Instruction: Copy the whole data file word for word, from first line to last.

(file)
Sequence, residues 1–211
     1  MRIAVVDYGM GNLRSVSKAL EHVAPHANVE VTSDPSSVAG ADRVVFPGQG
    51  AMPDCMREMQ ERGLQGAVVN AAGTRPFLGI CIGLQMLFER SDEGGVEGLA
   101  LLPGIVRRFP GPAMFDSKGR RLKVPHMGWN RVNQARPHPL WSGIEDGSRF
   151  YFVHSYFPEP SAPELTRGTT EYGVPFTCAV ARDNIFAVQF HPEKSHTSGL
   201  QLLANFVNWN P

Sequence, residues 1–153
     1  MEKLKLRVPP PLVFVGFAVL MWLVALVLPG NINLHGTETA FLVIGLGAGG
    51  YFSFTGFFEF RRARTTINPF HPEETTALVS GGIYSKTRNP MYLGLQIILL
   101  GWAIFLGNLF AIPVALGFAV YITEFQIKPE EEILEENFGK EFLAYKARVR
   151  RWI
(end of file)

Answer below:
Sequence, residues 1–211
     1  MRIAVVDYGM GNLRSVSKAL EHVAPHANVE VTSDPSSVAG ADRVVFPGQG
    51  AMPDCMREMQ ERGLQGAVVN AAGTRPFLGI CIGLQMLFER SDEGGVEGLA
   101  LLPGIVRRFP GPAMFDSKGR RLKVPHMGWN RVNQARPHPL WSGIEDGSRF
   151  YFVHSYFPEP SAPELTRGTT EYGVPFTCAV ARDNIFAVQF HPEKSHTSGL
   201  QLLANFVNWN P

Sequence, residues 1–153
     1  MEKLKLRVPP PLVFVGFAVL MWLVALVLPG NINLHGTETA FLVIGLGAGG
    51  YFSFTGFFEF RRARTTINPF HPEETTALVS GGIYSKTRNP MYLGLQIILL
   101  GWAIFLGNLF AIPVALGFAV YITEFQIKPE EEILEENFGK EFLAYKARVR
   151  RWI